On this page:
16.1 Which Sue matches the attribute input?
16.2 Which Sue matches the attribute input, with the “retroencabulator” rules?
16.3 Testing Day 16

16 Day 16

 (require aoc-racket/day16) package: aoc-racket

The puzzle. Our input is a list of 500 people named Sue, along with three attribute pairs for each. We’re also provided a set of attribute pairs that identifies one of the Sues:

children: 3
cats: 7
samoyeds: 2
pomeranians: 3
akitas: 0
vizslas: 0
goldfish: 5
trees: 3
cars: 2
perfumes: 1

16.1 Which Sue matches the attribute input?

Our input has 10 attribute pairs, but each of our Sues only has three attribute pairs. The other values for each Sue are unknown. Thus, for each Sue in our list, we need to check if the three known attribute pairs are among in our 10 identifying pairs. Assumedly, this will be true for only one Sue, and that will be the answer.

We might be tempted to break down the attribute pairs into hash tables. But we don’t even need to work that hard — we can just treat the attribute pairs as a list of strings, and match whole strings like "children: 3". And our Sues can be a list too, each holding a list of strings. Cheap & cheerful.

(require racket rackunit)
(provide (all-defined-out))
(define (parse-sues str)
  (for/list ([ln (in-list (string-split str "\n"))])
            (define attr-str (second (regexp-match #px"^.*?: (.*)$" ln)))
            (string-split attr-str ", ")))
(define master-attrs (file->lines "day16-input-master-attrs.txt"))

(define (q1 input-str)
  (define sues (parse-sues input-str))
  (for/or ([(sue-attrs sue-number) (in-indexed sues)])
          (for/and ([sue-attr (in-list sue-attrs)])
                   (and (member sue-attr master-attrs) (add1 sue-number)))))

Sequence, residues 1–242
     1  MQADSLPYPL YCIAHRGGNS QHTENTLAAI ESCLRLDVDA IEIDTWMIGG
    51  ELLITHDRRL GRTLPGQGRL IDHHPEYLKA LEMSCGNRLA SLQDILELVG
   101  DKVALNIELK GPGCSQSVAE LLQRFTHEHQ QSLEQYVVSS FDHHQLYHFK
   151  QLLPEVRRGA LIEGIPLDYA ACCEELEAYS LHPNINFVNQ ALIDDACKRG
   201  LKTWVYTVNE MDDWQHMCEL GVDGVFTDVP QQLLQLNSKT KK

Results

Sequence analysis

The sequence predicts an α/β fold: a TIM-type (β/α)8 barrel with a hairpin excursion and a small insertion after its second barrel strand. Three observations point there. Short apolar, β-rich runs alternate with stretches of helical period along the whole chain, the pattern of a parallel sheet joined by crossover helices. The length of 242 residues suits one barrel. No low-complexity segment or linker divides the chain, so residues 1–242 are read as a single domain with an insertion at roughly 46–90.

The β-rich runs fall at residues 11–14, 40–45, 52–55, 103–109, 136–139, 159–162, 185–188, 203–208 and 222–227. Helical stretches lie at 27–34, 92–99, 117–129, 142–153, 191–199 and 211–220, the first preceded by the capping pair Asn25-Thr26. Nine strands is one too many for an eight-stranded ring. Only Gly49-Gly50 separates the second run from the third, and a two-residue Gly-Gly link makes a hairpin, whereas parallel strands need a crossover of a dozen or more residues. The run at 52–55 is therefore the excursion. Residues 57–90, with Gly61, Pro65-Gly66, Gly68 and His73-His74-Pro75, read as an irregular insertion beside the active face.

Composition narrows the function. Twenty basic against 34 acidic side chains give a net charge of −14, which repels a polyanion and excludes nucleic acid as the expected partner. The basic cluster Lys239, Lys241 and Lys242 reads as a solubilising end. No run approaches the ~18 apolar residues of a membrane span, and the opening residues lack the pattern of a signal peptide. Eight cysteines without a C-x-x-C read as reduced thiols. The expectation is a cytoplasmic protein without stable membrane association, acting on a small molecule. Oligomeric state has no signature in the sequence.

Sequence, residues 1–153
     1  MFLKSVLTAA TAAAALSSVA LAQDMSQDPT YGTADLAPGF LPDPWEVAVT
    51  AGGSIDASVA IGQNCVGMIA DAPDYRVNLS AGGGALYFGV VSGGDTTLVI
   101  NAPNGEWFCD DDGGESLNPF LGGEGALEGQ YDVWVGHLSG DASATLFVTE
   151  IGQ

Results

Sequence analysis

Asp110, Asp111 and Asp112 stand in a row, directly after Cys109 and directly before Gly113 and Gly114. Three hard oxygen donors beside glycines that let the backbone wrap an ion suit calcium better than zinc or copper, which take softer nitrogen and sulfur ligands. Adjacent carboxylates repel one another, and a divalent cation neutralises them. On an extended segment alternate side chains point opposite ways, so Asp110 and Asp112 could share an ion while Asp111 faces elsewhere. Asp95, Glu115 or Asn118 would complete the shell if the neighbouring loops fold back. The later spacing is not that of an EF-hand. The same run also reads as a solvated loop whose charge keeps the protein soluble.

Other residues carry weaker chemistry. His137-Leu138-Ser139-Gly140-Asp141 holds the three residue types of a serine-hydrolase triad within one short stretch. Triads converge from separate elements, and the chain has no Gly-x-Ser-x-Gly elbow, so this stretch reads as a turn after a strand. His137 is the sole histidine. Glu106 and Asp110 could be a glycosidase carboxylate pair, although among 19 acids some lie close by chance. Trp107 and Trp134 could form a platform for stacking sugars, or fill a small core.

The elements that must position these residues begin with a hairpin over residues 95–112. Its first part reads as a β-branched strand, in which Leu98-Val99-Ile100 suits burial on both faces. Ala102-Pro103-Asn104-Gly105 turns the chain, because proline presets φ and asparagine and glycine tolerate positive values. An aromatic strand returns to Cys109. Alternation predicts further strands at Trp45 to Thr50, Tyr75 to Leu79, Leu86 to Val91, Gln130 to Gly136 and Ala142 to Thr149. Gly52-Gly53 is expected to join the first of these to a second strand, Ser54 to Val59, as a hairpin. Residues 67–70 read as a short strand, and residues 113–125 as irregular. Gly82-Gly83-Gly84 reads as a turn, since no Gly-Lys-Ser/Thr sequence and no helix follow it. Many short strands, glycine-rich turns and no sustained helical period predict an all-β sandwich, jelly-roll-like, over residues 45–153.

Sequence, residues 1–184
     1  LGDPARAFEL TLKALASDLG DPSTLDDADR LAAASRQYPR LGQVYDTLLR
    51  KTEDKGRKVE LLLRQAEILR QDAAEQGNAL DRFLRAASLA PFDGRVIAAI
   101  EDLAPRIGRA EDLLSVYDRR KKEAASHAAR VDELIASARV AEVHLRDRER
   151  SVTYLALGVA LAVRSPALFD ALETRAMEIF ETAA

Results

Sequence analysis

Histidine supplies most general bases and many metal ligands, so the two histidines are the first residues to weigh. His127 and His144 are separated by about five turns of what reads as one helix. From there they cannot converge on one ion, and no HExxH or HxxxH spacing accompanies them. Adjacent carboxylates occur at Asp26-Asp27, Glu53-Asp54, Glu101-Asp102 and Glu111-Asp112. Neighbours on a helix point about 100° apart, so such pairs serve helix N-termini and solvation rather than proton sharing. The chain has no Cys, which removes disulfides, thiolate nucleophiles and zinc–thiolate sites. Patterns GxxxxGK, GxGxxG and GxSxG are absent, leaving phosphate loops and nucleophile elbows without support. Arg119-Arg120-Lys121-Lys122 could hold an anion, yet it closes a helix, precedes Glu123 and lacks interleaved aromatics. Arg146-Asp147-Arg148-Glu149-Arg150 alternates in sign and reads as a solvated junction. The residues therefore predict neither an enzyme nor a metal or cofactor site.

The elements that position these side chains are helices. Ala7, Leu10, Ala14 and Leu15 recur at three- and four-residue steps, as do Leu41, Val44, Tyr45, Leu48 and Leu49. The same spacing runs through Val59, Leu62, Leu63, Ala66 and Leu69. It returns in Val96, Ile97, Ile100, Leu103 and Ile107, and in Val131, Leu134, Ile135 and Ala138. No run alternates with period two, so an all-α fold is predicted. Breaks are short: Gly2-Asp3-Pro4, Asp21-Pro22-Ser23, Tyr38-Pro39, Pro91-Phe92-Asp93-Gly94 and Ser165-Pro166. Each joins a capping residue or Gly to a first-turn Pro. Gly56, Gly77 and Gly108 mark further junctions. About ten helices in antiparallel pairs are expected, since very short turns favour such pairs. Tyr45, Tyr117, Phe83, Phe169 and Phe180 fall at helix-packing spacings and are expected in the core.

16.2 Which Sue matches the attribute input, with the “retroencabulator” rules?

Same question as before, with new rules for matching the master attributes:

Now that we’re asked to compare attribute values in a deeper way, our avoidance of a hash table in question 1 looks like a false economy.

So let’s compound our laziness with more laziness. Rather than upgrade to a hash table now, let’s convert our strings to datums (as saw in Day 7). Because if we put a string like "children: 3" inside parentheses like so "(children: 3)" and then convert it to a datum (with read) we’ll end up with a list with a key and a value, e.g. '(children: 3). In other words, just what we needed. (I know the plural of datum is data, but datums better connotes “more than one datum, in the Racket sense.”)

Plus, it’s always fun to find a use for case and the frequently overlooked assoc.

(define (q2 input-str)
  (define (attrs->datums attrs)
    (map (compose1 read open-input-string
                   (λ (attr) (format "(~a)" attr))) attrs))
  (define sues (for/list ([sue-attrs (parse-sues input-str)])
                         (attrs->datums sue-attrs)))
  (define master-datums (attrs->datums master-attrs))
  (for/or ([(sue-datums sue-number) (in-indexed sues)])
          (for/and ([sue-datum (in-list sue-datums)])
                    (let* ([sue-key (first sue-datum)]
                           [sue-value (second sue-datum)]
                           [master-value (second (assoc sue-key master-datums))]
                           [cmp (case sue-key
                                  [(cats: trees:) >]
                                  [(pomeranians: goldfish:) <]
                                  [else =])])
                      (cmp sue-value master-value))
                    (add1 sue-number)))))

16.3 Testing Day 16

(module+ test
  (define input-str (file->string "day16-input.txt"))
  (check-equal? (q1 input-str) 103)
  (check-equal? (q2 input-str) 405))